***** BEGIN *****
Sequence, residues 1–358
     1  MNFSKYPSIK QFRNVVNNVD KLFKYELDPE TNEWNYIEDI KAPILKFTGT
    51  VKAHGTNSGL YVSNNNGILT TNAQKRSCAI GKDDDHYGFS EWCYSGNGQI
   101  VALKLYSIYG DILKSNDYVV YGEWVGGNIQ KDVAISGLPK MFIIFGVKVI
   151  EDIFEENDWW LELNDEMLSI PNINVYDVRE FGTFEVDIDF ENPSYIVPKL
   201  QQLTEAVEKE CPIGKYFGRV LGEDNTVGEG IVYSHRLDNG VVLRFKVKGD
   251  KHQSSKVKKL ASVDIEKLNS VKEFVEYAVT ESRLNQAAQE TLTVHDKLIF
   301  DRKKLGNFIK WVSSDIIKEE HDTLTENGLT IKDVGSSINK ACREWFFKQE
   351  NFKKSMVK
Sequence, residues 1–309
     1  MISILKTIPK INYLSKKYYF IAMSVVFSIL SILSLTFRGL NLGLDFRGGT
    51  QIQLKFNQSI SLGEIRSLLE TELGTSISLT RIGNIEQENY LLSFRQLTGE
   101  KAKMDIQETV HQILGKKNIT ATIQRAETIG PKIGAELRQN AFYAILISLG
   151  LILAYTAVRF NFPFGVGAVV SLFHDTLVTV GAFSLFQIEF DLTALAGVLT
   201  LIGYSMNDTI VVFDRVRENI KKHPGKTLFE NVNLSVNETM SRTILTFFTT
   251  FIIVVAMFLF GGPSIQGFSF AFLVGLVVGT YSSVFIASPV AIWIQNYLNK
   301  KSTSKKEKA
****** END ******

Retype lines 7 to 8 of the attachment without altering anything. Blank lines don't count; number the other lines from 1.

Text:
   251  KHQSSKVKKL ASVDIEKLNS VKEFVEYAVT ESRLNQAAQE TLTVHDKLIF
   301  DRKKLGNFIK WVSSDIIKEE HDTLTENGLT IKDVGSSINK ACREWFFKQE